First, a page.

standard of living will also increase. Land cleaning and recovery
of natural environment are usually sponsored by international
agencies in close cooperation with the local governments. Additionally, help is provided to farmers whose crops were destroyed
by refugee camps.
Next advantage in the list of benefits for the local people is
a numerous staff of foreign organizations. To cater for the needs
of the wealthy clients new shops, hotels, bars and restaurants are

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Maciej Ząbek

opened in the neighborhood. Job vacancies await the qualified
medical care, education or accounting staff. Local drivers and
security guards will also find a job in refugee camps.
* * *
Nevertheless, even the greatest optimists realize that positive
effects of refugee camps are not always unambiguous. During
refugee camps’ close-down the infrastructure is often destroyed.
It is often an intentional step so that refugees quickly return to
their home countries. Thus, local people inherit hardly anything
from the refugee camps. Besides, stay of refugees may at one time
lead to the increase in food prices in the closest areas of refugee
camps or decrease in food prices another time. Everything depends
on various factors: good or poor harvest, season of the year, or
the extent to which refugees are used by local farmers as a cheap
workforce. Price increase leads to the situation where the poorest
local people cannot afford to buy food whereas decrease in prices
results in a dramatic drop in income of those farmers who dedicate
production surplus to the market. Anyway, local people always put
the blame for this situation on refugees. Besides, refugee camps
are always, as I already mentioned, source of problems related to
safety and reluctance of the local governments and local people.
* * *
To conclude, major threats resulting from refugee camps include,
on the one hand, higher expectations towards bureaucracy of the
host countries visible in their management of local environment
resources being within the range of refugees and securing them
for the local people. On the other hand, they include growing
requirements towards security agencies connected with potential
rise in the crime rate of the region. Problematic issues are also
deepened by ubiquitous corruption prevailing among local admin-

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63

istration staff trying to use international aid so as to meet their
own needs. Generally speaking, economic effects of the refugees’
stay on a given territory are sometimes greatly diversified and
hardly predictable in advance. It remains hard to prove whether
the final balance is positive or negative, especially in the context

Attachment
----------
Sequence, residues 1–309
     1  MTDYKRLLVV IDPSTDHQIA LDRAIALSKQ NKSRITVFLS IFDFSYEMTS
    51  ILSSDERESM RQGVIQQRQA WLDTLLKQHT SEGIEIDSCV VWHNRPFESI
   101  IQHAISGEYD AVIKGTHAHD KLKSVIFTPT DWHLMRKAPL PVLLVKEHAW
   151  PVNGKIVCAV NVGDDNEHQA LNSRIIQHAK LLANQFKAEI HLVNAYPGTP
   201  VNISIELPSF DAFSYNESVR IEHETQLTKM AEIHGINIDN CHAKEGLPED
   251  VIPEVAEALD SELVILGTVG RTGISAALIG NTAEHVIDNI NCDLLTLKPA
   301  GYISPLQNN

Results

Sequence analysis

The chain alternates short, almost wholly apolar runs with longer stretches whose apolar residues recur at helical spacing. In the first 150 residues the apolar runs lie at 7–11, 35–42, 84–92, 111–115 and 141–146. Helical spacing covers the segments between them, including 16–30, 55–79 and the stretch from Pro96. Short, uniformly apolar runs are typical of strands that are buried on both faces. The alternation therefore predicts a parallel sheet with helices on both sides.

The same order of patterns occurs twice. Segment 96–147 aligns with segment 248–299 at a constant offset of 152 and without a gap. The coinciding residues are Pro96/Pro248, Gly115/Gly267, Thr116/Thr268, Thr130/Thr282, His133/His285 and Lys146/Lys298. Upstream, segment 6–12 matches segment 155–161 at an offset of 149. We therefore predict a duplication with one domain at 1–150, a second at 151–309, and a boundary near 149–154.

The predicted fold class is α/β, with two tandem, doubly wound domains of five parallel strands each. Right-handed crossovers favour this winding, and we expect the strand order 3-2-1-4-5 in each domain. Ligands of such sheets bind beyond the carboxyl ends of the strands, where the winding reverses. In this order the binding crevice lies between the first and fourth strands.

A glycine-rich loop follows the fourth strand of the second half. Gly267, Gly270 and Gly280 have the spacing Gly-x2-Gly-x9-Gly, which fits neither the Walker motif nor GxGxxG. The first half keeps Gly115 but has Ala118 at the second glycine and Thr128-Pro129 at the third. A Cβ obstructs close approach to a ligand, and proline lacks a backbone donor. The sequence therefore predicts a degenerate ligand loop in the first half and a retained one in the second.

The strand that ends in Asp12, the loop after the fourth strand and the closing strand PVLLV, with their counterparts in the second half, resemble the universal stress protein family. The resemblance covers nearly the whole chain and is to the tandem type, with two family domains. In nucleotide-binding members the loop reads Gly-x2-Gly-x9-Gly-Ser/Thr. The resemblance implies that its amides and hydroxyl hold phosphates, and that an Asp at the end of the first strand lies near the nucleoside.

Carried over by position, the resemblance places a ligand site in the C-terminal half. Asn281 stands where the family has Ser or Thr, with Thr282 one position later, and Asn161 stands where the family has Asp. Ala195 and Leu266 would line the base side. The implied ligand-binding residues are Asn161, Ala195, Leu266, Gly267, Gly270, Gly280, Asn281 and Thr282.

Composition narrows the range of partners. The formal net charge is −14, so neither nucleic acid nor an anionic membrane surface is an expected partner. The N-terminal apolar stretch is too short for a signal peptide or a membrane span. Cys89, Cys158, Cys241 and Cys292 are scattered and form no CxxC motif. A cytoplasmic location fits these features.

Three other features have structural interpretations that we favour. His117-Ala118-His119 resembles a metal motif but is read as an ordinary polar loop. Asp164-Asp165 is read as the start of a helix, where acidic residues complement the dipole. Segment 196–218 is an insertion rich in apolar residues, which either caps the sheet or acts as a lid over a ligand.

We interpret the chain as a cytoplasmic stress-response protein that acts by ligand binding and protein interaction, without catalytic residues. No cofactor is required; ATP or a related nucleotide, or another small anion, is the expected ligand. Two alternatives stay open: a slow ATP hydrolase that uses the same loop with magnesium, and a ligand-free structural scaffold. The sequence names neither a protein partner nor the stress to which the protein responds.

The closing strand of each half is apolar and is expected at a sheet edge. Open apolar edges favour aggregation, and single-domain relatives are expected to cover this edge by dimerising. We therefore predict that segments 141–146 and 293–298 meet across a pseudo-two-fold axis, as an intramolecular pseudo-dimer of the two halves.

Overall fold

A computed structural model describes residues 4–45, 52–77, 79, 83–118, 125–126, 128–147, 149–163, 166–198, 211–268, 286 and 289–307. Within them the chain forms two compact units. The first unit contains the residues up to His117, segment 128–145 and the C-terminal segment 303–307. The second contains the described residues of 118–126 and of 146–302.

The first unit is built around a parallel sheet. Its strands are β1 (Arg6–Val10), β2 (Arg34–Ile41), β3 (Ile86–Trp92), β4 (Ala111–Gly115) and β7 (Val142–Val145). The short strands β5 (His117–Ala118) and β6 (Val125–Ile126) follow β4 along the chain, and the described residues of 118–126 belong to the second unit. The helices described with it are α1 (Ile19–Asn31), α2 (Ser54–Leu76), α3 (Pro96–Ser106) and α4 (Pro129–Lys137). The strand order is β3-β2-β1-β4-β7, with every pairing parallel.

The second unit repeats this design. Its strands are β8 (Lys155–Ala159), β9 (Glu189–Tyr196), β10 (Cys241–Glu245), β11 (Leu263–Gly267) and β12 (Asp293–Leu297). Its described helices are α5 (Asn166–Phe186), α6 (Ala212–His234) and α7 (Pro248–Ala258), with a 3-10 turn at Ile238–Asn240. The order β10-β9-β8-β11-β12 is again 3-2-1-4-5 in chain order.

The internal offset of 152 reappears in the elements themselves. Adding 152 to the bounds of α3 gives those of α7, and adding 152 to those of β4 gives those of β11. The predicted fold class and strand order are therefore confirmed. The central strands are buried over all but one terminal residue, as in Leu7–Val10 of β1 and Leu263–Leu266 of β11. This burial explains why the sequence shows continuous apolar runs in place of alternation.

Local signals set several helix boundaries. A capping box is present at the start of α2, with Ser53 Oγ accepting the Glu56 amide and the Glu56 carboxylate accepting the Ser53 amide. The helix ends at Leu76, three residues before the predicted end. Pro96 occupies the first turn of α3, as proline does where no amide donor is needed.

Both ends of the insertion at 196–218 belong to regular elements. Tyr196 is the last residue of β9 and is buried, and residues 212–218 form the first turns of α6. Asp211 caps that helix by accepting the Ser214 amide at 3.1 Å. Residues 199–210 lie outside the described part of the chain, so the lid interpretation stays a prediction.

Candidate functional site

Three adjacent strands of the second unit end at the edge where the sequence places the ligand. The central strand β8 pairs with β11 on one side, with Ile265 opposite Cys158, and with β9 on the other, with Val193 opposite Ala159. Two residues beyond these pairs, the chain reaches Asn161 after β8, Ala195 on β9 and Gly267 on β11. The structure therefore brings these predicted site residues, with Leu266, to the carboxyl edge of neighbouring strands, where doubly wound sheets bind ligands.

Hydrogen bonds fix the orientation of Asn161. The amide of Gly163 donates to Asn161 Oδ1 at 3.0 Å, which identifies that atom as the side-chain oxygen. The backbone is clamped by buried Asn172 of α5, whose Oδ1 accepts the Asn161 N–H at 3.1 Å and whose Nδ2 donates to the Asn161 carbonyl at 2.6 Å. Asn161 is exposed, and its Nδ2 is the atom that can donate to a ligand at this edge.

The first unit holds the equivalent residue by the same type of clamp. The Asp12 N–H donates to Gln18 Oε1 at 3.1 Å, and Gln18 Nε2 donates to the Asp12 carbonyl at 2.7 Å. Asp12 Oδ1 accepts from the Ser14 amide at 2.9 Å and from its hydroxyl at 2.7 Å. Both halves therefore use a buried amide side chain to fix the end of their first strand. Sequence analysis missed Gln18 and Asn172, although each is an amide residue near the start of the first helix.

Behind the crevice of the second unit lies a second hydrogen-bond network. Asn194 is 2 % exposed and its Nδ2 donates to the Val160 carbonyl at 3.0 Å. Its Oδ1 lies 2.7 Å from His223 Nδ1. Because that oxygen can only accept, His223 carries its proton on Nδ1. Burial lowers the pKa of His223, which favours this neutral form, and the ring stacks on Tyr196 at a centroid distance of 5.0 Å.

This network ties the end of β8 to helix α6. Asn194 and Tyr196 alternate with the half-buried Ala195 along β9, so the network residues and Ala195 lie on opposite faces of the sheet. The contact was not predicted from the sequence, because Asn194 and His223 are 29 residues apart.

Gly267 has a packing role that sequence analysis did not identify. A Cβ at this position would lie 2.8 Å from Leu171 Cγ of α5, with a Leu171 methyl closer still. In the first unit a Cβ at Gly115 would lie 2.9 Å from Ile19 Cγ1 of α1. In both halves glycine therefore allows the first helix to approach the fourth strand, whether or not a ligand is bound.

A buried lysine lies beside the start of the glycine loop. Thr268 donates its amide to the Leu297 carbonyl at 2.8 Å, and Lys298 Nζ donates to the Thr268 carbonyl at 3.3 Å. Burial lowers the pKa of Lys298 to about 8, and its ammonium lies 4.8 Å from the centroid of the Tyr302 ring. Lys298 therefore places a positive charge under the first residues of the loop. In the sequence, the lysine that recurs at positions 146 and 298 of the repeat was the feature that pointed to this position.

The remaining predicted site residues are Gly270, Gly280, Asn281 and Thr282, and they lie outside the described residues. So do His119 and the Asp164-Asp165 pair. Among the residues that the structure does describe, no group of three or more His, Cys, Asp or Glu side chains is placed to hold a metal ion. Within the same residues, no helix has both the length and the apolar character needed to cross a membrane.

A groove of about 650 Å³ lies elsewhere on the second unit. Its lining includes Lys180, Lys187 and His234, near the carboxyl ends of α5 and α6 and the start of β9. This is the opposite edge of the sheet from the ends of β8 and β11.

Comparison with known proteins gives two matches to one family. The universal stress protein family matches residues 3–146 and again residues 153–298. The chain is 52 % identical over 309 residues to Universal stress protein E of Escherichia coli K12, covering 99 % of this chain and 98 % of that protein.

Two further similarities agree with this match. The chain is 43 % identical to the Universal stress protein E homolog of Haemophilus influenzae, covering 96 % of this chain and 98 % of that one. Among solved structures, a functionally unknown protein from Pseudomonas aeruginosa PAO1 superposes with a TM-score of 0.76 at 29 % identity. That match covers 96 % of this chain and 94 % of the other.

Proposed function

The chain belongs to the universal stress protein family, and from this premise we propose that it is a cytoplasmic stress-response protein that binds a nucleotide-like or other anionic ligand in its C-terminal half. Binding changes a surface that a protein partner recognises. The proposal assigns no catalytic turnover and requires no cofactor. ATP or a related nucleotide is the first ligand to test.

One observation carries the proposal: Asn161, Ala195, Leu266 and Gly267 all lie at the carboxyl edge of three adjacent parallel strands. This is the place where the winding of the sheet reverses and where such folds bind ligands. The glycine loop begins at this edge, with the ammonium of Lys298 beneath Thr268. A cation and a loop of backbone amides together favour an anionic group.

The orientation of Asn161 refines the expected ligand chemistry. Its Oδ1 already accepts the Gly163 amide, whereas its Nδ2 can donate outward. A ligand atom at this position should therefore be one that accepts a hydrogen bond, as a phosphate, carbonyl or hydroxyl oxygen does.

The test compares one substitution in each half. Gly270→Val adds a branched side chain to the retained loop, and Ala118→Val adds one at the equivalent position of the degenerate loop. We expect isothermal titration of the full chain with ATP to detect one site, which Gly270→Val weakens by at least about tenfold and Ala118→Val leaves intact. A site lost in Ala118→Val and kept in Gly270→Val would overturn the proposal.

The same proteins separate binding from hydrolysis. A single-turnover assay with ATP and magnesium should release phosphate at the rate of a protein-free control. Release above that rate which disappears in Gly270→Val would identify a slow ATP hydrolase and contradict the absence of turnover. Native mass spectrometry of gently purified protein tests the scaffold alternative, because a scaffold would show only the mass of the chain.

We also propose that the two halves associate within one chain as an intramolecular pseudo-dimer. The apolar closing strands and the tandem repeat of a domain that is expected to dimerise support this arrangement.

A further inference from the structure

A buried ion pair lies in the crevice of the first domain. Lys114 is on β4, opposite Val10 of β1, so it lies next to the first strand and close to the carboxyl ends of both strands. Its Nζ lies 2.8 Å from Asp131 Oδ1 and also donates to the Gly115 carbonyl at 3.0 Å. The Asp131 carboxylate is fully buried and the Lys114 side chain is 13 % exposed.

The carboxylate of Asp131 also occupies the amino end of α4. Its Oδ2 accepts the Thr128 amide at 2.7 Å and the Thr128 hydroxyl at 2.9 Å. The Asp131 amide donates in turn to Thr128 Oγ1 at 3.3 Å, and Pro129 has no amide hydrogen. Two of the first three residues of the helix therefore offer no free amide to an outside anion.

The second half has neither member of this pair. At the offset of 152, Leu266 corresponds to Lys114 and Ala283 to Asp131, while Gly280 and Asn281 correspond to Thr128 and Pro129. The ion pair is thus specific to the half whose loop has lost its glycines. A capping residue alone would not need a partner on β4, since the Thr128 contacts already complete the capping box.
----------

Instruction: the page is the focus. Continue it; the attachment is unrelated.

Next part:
of the discourse on sustainable development. In the short term,
there seem to be usually more negative adverse effects (including, as I already mentioned threats connected with security and
destabilization of local economy). However, at the time of camp
existence, there are numerous advantages to be noticed mainly
for the host communities which to a certain extent level negative
consequences of the refugee camps. The most significant include
better school education and higher standard of medical care. They
are mainly connected with the influx of new specialists and the
possibility of developing local economy thanks to a cheap workforce and entrepreneurship of some refugees, as well as access to
previously unavailable products. It should be noted that results of
the cheap workforce are volatile. On the one hand, work of refugees may support local people in generating higher income, but
on the other hand, not all host countries may employ refugees as
a cheap workforce. This in turn entails competition between the
locals and refugees about the place in the local economy. In this
case a lot depends on good or poor harvest. Except that, refugees
as a cheap workforce may replace women at work, leaving them
redundant. Additionally, women are at a disadvantage because
all social help is channeled not to them, but to refugees. Benefits
from infrastructure in refugee camps are not available in the very
beginning but after camps cease to exist they become open to a local community. It manly depends on careful accomplishment of
the project. Obviously, positive effects after the camp close-down
are no longer ambiguous. They result from the infrastructure
being taken over by the locals. Profit and loss account is heavily

64

Maciej Ząbek

reliant on the international aid operations indispensable in this
situation. Delays in providing humanitarian aid, along with insufficient quantity of funds, lead to the situation where refugees are
treated as a heavy burden to the host communities which in turn
entails hostile atmosphere. Nevertheless, it seems possible to avoid
serious conflicts between refugees and host communities on the
condition that international help and cooperation of all parties
concerned are effective and act for one good cause.
References
Agier, M. (2002), Aux Bords du monde, les réfugiés, Paris.
Chambers, R. (1986), Hidden Losers? The impact of rural refugees and
refugee programs on poorer hosts, “International Migration Review”, 1986, 20, 2, pp. 245–63.
Jacobsen, K. (2005), The Economic Life of Refugees, Boston.
Jacobsen, K. (2002), Can Refugees Benefit the State? Refugee Resources and
African Statebuilding, “The Journal of Modern African Studies”,